Senator Richard Durbin and Congresswoman Rosa DeLauro said the Safe Food Act of 2015 would replace current food safety oversight which is split up among 15 different agencies.
Something the pair said results in a ‘patchwork’ where no single voice guides industry, retailers and consumers.
The act would put food safety authorities for inspections, enforcement and labeling into one agency,
provide authority to require the recall of unsafe food, require risk assessments and preventive control plans to reduce adulteration.
It would also authorize enforcement actions to strengthen contaminant performance standards, improve foreign import inspections and require full traceability to better identify sources of outbreaks.
‘Fragmented food safety system’
Durbin said the fragmented nature of the food safety system has too often forced citizens to go it alone in the case of outbreak.
“The Safe Food Act that Congresswoman DeLauro and I are introducing would transfer and consolidate food safety authorities for inspections, enforcement, labeling, and research into a single food safety agency,” he said.
“That would allow us to prioritize system-wide food safety goals and targets. It would also help families navigate the differing federal, state, and local food safety agencies to get the answers they deserve.”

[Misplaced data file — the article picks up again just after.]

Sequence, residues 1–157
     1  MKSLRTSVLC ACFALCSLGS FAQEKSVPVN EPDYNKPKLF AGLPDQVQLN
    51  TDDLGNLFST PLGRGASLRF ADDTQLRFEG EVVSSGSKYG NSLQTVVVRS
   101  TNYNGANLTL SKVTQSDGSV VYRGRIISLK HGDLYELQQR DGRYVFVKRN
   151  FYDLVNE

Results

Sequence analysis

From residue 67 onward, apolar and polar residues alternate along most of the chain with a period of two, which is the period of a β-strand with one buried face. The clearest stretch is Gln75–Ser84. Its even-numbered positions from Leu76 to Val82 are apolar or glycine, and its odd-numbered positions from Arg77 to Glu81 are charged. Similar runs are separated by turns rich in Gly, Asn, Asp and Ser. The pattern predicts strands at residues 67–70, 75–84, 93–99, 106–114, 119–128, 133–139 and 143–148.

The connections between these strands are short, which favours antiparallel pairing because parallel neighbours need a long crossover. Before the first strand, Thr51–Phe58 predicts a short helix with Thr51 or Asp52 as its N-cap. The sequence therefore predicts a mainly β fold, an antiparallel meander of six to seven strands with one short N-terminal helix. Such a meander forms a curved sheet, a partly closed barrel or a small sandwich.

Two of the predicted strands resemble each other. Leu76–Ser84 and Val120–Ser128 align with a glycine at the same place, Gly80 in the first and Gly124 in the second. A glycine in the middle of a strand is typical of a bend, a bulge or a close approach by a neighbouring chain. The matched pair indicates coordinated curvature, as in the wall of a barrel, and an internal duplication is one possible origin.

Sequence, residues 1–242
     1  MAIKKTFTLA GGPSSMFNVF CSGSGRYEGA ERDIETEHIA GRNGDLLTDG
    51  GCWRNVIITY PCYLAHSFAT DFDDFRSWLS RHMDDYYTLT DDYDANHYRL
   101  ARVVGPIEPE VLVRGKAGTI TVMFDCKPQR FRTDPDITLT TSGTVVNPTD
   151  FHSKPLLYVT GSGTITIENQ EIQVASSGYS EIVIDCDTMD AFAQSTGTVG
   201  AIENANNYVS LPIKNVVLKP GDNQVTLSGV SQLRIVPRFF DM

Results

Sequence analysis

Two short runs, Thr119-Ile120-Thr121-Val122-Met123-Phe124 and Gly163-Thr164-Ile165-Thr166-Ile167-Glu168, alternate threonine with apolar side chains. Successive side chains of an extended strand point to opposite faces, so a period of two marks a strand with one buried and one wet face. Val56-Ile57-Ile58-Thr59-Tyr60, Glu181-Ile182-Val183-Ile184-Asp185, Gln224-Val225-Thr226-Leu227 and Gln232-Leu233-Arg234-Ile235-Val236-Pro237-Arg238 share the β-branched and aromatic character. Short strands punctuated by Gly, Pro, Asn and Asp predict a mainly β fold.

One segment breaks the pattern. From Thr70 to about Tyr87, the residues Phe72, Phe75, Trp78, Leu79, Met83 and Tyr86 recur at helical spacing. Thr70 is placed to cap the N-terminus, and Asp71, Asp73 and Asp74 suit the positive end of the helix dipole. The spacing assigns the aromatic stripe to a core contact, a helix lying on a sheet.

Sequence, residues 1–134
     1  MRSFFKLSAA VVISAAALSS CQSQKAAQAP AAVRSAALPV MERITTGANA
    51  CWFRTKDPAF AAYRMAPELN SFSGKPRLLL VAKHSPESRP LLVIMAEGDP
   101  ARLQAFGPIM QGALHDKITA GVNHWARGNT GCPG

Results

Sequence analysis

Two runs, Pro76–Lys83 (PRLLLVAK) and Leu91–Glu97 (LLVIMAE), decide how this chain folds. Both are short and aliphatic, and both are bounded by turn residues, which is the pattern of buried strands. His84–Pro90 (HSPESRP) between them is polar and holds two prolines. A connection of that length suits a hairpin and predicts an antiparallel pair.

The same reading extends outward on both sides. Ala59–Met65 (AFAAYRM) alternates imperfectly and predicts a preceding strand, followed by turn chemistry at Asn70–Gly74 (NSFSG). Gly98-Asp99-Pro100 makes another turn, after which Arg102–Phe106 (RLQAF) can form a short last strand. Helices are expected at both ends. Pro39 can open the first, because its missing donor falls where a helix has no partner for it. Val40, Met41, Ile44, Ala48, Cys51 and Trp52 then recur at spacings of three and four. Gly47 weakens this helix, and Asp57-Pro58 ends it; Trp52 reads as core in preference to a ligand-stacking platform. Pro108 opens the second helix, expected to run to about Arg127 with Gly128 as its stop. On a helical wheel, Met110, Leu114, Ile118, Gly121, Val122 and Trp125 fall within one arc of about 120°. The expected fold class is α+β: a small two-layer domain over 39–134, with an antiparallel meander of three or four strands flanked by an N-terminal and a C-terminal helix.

Durbin and DeLauro introduced similar legislation in 1999, 2004, 2005 and 2007.
DeLauro said the food safety system is ‘hopelessly fragmented and outdated’.
“Consequently, lives are unnecessarily put at risk and the need for reform becomes more urgent. I am proud to join Senator Durbin in introducing this bill to ensure that we have a single person being held accountable for food safety, research, prevention, inspections, investigations and labelling,” she said.
“We need a commonsense, 21st century way of ensuring food safety and a single food safety agency is it.”
CSPI and CFA reaction
Caroline Smith DeWaal, CSPI food safety director, said it hopes to see bipartisan support for what is called ‘common sense legislation’.
“It’s crazy to have one cabinet secretary in charge of chicken, beef, and pepperoni pizza, and another cabinet secretary responsible for eggs, milk, and cheese pizza,” she said.
The Safe Food Act brings all foods under a single agency, with one leader and a modern approach to food safety.
“It ensures all food processors utilize systems to prevent contamination, and when problems occur, creates a uniform approach to ensuring food safety, including mandatory recall authority for meat and poultry products.”
The Consumer Federation of America also expressed strong support for the act.
Chris Waldrop, director of the food policy institute at Consumer Federation of America, said food safety is a critical public health issue.
“But right now, responsibility for food safety is scattered among 15 different agencies. We need one independent agency focused on the safety of the entire food supply,” he said.
“A single food safety agency would allow us to better focus our resources where the greatest risks lie.”